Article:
Introduction: Setup for Measuring the Speed of Sound Through Standing Waves in a Tube
This setup can be used to measure the speed of sound by finding the tube length at which standing waves best form in the tube. This can be tested by measuring how much of the intensity of sound is lost when it has travelled through the tube. Reference the video for further explanation as to how this works.
Step 1: Tools and Materials
The setup requires the following components:
- Two tuning forks with the same natural frequency, with a resonance box like in the picture
- A PVC tube (~50cm)
- An at least 60x60cm piece of cardboard
- An at least 30x30x1.5cm (WxLxH) piece of plywood
- 4 screws
- PVC coupling pieces
You will need the following tools:
- A buzzsaw
- A stanley knife
- Measuring tape
- Duct tape
- A marker
- A drill
Step 2: Making a Tube of Variable Length
First, put marks at constant increments (of say 6cm) on the PVC tube. Then cut the longer tube into shorter pieces at these marks. These shorter pieces can be connected with PVC coupling pieces.
Step 3: Assembling the Box for Sound Shielding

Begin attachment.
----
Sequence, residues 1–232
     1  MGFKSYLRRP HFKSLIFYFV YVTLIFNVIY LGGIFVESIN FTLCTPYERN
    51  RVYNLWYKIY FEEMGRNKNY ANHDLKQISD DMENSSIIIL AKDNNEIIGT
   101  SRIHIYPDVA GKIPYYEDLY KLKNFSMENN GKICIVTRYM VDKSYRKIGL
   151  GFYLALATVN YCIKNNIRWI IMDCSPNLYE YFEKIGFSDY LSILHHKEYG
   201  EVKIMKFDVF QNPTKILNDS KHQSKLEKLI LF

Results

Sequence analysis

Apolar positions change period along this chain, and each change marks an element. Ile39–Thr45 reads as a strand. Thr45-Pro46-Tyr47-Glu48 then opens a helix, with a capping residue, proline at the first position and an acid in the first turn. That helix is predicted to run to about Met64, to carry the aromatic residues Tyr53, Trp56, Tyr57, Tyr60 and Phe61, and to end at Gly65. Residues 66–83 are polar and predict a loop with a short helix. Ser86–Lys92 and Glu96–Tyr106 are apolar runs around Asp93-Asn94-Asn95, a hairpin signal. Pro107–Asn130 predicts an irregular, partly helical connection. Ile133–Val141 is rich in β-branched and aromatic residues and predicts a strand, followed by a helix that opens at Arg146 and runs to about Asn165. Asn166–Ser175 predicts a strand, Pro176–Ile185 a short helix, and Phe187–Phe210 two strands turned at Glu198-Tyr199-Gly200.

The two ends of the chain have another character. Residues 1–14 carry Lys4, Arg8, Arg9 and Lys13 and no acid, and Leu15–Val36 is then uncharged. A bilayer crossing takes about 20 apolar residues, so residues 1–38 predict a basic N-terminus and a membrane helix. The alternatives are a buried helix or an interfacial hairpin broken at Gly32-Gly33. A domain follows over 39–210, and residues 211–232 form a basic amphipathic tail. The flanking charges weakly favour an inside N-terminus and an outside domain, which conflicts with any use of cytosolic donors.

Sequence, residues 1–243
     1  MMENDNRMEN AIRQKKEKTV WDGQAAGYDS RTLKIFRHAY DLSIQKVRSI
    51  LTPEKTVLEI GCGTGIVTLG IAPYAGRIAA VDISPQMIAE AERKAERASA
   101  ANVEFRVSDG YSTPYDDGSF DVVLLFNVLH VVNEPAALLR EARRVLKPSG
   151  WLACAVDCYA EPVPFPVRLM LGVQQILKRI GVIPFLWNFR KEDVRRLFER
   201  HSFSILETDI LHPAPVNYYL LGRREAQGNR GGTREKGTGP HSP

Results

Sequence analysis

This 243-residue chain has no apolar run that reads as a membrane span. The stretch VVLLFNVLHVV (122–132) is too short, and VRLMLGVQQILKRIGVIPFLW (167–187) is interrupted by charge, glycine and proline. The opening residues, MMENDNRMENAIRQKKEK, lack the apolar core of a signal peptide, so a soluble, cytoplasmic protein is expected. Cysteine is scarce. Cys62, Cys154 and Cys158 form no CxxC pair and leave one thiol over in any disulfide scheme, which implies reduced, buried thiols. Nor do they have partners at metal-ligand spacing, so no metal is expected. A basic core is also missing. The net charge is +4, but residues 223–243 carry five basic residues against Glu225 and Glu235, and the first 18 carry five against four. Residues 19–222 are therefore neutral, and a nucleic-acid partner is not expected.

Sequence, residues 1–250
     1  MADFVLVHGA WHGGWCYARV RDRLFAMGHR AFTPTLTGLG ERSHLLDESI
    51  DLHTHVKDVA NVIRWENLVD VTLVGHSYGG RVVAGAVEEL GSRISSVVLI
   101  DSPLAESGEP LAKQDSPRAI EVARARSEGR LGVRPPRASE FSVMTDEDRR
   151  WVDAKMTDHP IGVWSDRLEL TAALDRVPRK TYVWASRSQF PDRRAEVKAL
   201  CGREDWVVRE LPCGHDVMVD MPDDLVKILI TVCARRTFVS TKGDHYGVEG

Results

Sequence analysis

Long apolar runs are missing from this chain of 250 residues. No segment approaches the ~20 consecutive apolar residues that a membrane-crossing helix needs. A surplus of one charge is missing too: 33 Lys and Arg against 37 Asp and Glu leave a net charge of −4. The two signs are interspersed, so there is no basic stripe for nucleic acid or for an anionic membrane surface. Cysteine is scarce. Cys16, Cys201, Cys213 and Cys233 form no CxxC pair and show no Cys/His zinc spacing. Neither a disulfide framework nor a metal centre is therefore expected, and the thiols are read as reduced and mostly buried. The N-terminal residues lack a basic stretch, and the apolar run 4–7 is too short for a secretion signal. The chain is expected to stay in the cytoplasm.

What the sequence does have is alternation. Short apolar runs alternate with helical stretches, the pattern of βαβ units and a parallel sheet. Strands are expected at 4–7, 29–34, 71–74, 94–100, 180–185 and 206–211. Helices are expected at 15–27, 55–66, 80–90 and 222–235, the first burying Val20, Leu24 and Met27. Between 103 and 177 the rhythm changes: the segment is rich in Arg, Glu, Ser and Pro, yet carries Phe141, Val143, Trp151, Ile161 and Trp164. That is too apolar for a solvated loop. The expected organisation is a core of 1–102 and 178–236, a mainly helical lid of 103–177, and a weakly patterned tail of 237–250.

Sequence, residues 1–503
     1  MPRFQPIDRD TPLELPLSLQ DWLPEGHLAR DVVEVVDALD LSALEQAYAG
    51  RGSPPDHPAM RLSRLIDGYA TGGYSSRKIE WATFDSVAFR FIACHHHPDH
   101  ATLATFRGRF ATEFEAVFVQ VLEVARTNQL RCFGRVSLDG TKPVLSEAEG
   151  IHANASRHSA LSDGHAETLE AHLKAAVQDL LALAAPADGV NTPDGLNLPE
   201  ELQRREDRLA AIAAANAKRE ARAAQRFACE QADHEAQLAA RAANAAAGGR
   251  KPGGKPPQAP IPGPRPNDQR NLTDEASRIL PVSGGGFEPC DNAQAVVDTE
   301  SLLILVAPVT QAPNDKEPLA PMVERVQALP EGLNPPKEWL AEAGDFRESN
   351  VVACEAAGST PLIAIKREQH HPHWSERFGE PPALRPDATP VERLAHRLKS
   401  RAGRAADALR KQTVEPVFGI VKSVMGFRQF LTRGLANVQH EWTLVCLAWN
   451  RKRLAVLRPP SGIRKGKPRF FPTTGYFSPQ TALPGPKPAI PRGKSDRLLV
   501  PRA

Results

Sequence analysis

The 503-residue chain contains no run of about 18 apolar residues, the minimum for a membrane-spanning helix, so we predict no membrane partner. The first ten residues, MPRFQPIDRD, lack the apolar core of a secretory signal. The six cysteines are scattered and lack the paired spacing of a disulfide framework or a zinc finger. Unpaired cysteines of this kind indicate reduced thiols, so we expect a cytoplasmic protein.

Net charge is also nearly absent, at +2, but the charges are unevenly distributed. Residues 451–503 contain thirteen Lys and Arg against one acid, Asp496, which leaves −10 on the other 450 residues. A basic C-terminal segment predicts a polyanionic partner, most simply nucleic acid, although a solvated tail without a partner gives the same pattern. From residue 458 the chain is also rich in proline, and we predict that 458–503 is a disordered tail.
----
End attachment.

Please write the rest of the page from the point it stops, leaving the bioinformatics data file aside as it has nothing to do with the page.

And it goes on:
First, cut the wood into 8 thin, long planks and one thicker plank. Use a drill to assemble these into 4 cornerpieces like in the first picture (predrilling may be required). Next, cut the cardboard into 6 rectangular pieces that are higher and wider than the tuning forks and their resonance boxes. Cut out a hole in two of these cardboard pieces at the same height as the openings of the sound boxes. Then, do the following twice: take two of the wood cornerpieces you just constructed and ducttape one of the cardboard pieces with the openings to them. Then, take two cardboard pieces that don't have a hole in them and ducttape them to the sides of the planks, creating a U-shaped wall. Reference the third picture for what this should look like.
The last thicker plank is meant to rest the PVC tube on so that it is at the same height as the openings in the cardboard boxes.